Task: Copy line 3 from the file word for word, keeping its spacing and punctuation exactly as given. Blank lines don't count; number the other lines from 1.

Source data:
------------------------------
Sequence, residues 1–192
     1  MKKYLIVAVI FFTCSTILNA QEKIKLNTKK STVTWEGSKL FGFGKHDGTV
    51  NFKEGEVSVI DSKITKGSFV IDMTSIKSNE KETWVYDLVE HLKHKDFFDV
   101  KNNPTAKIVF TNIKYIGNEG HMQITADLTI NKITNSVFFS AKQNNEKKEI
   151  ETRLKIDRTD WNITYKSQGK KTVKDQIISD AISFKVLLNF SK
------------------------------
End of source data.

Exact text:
    51  NFKEGEVSVI DSKITKGSFV IDMTSIKSNE KETWVYDLVE HLKHKDFFDV